In terms of agricultural spending, Pierre Gramegna referred to the Parliament’s proposal to increase measures in the dairy sector by €500 million, with the Commission having just presented an agricultural letter of amendment which updates real needs as well as the revenue allocated to this sector and even proposes a decrease of €477 million in commitments and payments in relation to the 2016 draft budget.

Finally, with regard to the administrative expenditure of European institutions, Pierre Gramegna recalled that the Council accorded “great importance” to the objective of a 5% reduction in staff in all institutions, bodies and agencies appearing in the table of staff numbers as at 1 January 2013 over a period of five years.

The Commission's response

The Vice-President of the European Commission and Commissioner for Budget and Human Resources, Kristalina Georgieva, declared that she was aware of expectations with regard to the European budget. She recalled the need for cooperation between the three institutions in order to define priorities and ensured that funding would go where it was needed. “We need to anticipate, be flexible, agile and be able to provide assistance where necessary”, she explained.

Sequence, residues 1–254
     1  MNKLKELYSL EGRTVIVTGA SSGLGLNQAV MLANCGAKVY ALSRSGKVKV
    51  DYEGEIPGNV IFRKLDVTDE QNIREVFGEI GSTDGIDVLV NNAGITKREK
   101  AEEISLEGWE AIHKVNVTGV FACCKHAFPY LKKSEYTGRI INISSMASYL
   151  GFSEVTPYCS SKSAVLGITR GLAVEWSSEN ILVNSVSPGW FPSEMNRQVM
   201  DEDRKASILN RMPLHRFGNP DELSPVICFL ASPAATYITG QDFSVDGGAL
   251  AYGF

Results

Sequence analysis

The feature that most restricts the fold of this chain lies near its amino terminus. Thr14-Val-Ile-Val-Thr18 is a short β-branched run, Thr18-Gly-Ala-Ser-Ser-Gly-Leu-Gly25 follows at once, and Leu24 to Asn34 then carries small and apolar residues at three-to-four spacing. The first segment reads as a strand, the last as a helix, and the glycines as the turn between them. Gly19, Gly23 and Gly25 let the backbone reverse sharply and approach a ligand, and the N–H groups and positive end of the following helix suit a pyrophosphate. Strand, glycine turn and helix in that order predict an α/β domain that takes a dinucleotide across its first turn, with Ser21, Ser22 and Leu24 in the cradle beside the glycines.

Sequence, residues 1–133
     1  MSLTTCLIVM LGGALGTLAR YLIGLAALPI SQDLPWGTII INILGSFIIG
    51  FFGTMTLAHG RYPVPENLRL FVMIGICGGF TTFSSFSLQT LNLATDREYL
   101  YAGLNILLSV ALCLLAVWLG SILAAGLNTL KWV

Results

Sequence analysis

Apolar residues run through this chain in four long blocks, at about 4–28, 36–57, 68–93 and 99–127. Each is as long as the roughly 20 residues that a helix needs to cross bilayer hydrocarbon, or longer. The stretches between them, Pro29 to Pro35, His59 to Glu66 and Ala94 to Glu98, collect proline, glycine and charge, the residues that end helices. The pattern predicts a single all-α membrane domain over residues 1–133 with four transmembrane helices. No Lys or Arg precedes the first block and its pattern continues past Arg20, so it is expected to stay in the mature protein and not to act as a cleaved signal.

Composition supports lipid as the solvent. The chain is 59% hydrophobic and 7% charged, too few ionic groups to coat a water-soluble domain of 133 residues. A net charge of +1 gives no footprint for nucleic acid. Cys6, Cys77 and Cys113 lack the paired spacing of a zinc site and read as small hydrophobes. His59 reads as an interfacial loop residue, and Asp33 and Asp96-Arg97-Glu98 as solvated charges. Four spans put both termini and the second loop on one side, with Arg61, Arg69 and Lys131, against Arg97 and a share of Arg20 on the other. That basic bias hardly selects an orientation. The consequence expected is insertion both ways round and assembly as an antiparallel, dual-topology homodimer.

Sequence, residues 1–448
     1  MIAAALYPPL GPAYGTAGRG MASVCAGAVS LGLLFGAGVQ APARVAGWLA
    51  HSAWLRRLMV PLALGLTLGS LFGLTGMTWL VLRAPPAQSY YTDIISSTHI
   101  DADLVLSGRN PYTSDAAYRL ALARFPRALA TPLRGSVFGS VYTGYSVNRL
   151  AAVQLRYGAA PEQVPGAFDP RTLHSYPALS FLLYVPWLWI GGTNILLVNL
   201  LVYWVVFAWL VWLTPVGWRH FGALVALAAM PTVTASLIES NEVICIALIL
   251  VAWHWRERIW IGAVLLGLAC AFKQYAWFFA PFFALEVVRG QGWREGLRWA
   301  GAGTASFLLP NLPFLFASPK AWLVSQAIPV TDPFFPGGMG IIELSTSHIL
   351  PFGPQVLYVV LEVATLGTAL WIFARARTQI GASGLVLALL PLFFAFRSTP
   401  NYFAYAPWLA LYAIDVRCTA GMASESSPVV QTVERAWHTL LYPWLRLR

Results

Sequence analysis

More specifically, the Commissioner indicated that it was necessary to give greater priority to the refugee crisis and, to that end, to use the flexibilities available to us as much as possible. On this subject, she recalled that, in the letter of amendment of 14 October 2015, the Commission had made a number of amendments to its initial draft budget in order to anticipate what was going to happen in this context in 2016.